Now, taking control of the troops commanded to shoot their own side, we were shown the brand new “true sight” feature of Company of Heroes 2. This feature makes things more realistic when controlling your units. In many RTS titles, you have a full view of the entire battlefield, and are able to control your troops accordingly, knowing exactly where your opponents are. Here, there’s a fog of war, obscuring what exactly might be ahead. Even up close obstacles, buildings example, obstruct the view of what could lurking behind another wall. It means to succeed with Company of Heroes 2, tactics heavily come into play. You’ll need to coordinate each of your units to work together, revealing as much of the battlefield as possible in order to survive. Of course, this fog of war works both ways, and if your tactics are right, you can use it to surprise enemies. We saw the deployment of smoke grenades, allowing the Soviet troops to advance on the German machine gun position and successfully defeat it.
Of course, World War II was about more than just foot soldiers, with tanks and a variety of other military vehicles coming into play, and we saw a 30 foot Russian monster join the battle. It might be powerful, but thanks to true sight, it wasn’t able to see the peril that lay ahead: enemy forces with an anti-tank missile. Here, we saw a new feature for Company of Heroes 2, with the tank troops abandoning their vehicle. This saw a new tactical objective for both sides, with the vacant tank available to whoever recaptured it first. Things like this could be real game changers for both players and their A.I. opponents.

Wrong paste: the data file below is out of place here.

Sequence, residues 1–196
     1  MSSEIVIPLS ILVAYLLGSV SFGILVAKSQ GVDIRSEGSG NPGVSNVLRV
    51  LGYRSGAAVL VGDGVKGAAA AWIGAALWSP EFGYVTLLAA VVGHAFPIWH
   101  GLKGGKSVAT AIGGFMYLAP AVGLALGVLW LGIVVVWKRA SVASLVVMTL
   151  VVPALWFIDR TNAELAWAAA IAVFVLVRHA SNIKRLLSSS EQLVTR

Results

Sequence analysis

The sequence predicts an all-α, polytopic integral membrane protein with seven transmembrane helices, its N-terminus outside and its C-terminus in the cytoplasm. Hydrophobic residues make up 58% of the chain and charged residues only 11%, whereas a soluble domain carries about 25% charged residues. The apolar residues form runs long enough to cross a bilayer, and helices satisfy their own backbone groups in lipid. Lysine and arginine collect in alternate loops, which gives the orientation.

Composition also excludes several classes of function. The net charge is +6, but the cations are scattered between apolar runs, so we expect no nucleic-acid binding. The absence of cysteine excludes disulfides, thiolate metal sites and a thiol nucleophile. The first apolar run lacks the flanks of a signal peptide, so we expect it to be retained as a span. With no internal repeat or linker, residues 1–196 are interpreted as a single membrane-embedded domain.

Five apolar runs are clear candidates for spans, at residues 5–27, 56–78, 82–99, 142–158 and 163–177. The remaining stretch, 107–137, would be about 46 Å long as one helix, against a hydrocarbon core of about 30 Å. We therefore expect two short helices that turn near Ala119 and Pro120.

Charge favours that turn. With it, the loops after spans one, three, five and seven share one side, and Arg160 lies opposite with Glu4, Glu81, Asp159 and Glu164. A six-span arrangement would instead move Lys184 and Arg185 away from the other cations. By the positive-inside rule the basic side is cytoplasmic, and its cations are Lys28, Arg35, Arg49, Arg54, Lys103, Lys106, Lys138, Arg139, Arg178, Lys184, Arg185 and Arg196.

That’s something Relic were keen to emphasise throughout the whole presentation – which ended with driving the German forces back from a machine gun position – that all of the improvements, tweaks and new tactical initiatives brought in for this sequel aren’t only there for the player to use, they’re also there for your computer-controlled opponents to take advantage of too, as Relic aim to make this the most realistic RTS of all time.
Company of Heroes 2 isn’t scheduled to be released until early 2013, but what we’ve seen so far has been quite impressive. It’s evident that Relic has gone beyond the call of duty to properly research this title, with the team obviously passionate about what they’re doing. Company of Heroes 2 could very well be exactly what strategy fans are waiting for.